The venues where slumming took place were not restricted to New York. Clubs such as the Cabin Inn in Chicago’s Bronzeville neighborhood were famous for queer performance, and some venues even alluded to this in their advertising materials. Amber Clifford-Napoleone writes of clubs in Kansas City’s queer-of-color jazz scenes during the same period, which overlapped significantly with similar scenes in New York. Clifford-Napoleone argues for an understanding of jazz’s musical development as part of a social assemblage that included non-normative and often illegal sexual practices, gender expressivity, and sexual experimentation, ranging from slumming to gender impersonation, from buffet flats to sex work. Indeed, the very word “jazz,” according to Clifford-Napoleone, described sex in queer Black communities well before it referred to a musical genre at all. Throughout the United States, spaces of jazz performance doubled as spaces of sexual alterity in the 1930s.
And it was in these spaces that Rocco got his start as a live performer. In New York, he played most often in Times Square and Harlem, two of the most active neighborhoods in the city for both jazz and queer life generally in the 1930s. Harlem was home to a variety of non-normative sexual and gender expressions. Noted drag artists like Gloria Swanson and Gladys Bentley performed most nights, and “Black lesbians and fairies [were] so common in Harlem and Bronzeville that slummers began to encounter them even in the districts’ more high-toned cabarets.” Chauncey characterizes the late 1920s and early 1930s, the very time of Rocco’s arrival in New York, as “the heyday of lesbian and gay clubs and performers in Harlem.” White audiences certainly ventured to these clubs in the mid-1930s. But their reasons for being there were often quite different from what the films in which Rocco was featured could portray in such a homophobic era. Mainstream Hollywood movies could not, either normatively or legally, come anywhere close to representing jazz within the scenes of queerness and slumming that actually fostered the music. The version of jazz nightlife depicted by these films thus minimized the degree to which jazz and queer culture were linked and even co-constitutive. Rocco was a very different kind of performer, musically and symbolically, on the live stage than he was in film. For all that Rocco’s turn to Hollywood did to boost his career, it also radically altered the indices and contexts of his music. Vogues of 1938 and 52nd Street tell radically stylized and heteronormative versions of his story as a live performer.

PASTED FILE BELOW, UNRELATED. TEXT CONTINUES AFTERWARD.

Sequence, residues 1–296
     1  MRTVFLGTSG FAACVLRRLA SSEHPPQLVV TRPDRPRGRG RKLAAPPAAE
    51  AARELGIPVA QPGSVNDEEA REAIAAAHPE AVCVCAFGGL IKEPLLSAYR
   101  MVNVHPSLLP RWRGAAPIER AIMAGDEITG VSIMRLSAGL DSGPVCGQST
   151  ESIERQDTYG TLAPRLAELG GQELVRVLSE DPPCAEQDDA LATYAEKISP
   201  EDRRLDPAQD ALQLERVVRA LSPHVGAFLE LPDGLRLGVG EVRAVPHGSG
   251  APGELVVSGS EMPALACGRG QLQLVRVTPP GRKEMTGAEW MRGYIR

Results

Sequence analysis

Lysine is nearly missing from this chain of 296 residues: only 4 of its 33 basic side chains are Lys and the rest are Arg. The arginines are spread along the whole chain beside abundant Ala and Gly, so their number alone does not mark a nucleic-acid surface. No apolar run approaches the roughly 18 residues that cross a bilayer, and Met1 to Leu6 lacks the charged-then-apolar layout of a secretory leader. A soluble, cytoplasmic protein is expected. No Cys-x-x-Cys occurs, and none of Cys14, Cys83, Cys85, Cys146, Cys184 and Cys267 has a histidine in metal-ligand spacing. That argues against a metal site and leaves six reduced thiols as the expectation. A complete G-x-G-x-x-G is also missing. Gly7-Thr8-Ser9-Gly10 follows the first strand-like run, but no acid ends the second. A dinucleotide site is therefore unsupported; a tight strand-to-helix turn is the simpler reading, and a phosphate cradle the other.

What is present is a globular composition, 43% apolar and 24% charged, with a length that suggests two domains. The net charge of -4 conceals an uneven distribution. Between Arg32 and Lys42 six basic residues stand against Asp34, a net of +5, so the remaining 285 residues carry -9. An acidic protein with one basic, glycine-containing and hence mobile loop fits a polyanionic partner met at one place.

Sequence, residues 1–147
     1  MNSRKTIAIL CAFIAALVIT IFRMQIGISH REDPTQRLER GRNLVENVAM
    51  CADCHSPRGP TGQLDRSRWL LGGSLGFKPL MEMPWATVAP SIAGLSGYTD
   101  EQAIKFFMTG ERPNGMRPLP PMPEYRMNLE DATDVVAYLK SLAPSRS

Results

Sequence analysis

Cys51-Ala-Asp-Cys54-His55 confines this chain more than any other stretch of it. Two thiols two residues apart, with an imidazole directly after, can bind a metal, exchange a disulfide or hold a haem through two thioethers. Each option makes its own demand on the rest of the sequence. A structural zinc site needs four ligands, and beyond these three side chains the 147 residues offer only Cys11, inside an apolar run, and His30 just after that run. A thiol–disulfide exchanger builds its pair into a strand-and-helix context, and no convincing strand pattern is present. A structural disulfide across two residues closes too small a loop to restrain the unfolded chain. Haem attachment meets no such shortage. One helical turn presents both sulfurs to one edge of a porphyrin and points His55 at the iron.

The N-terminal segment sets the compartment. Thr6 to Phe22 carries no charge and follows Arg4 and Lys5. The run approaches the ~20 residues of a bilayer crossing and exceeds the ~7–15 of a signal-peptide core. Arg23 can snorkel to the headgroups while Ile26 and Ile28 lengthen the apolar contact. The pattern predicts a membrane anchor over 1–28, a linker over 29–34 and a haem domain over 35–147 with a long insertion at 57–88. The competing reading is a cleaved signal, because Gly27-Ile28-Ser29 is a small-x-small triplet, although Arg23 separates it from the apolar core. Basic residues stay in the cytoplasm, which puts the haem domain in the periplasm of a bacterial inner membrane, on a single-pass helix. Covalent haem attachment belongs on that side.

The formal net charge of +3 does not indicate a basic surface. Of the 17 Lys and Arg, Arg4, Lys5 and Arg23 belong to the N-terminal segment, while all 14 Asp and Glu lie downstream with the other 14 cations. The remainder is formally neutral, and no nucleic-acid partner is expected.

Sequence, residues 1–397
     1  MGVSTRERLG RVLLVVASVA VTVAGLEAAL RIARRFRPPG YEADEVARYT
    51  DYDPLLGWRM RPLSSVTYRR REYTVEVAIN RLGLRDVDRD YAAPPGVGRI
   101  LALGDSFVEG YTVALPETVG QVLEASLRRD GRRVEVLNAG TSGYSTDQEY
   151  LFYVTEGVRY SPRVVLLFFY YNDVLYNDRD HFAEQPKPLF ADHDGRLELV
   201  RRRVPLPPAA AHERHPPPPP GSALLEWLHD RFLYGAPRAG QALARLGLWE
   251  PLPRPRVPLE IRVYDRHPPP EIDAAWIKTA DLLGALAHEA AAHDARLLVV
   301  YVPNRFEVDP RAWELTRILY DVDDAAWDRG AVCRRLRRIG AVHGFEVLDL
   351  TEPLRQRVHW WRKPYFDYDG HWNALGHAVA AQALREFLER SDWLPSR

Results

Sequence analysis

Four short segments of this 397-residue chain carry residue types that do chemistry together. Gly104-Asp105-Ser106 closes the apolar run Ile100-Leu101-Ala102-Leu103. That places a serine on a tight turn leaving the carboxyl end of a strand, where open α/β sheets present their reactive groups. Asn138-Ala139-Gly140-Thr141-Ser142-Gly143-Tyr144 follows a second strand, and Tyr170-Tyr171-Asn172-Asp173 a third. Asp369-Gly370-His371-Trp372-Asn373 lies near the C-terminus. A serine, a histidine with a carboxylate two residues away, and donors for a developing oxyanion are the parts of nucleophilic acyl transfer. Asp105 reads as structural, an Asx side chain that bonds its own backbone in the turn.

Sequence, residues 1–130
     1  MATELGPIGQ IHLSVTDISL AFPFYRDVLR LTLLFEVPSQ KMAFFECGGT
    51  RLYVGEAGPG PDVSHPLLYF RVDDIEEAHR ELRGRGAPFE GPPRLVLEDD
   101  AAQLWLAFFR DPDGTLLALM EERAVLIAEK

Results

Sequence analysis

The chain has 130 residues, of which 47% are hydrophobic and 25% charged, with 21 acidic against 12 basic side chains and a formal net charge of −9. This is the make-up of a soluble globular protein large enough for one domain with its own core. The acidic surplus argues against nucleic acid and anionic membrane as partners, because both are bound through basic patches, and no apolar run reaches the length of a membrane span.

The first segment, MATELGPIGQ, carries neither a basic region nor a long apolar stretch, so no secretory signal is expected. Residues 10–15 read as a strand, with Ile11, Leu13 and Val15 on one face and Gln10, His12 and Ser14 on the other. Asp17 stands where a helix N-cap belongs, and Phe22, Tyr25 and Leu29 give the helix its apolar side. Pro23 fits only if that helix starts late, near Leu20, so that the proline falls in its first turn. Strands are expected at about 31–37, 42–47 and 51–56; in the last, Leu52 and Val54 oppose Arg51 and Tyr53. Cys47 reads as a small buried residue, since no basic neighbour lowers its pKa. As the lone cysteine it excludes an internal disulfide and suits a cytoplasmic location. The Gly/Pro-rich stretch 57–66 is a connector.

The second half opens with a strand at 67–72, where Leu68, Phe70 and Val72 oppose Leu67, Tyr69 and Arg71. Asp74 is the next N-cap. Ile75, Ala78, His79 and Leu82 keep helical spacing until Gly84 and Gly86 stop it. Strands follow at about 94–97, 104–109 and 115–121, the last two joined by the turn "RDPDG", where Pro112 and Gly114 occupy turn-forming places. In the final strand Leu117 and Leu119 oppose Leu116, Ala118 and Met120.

Next week’s post will describe Rocco’s continued rise to fame in the late 1930s and early 1940s, when he returned to New York, started playing in Chicago, and first went into the recording studio. Thanks for reading!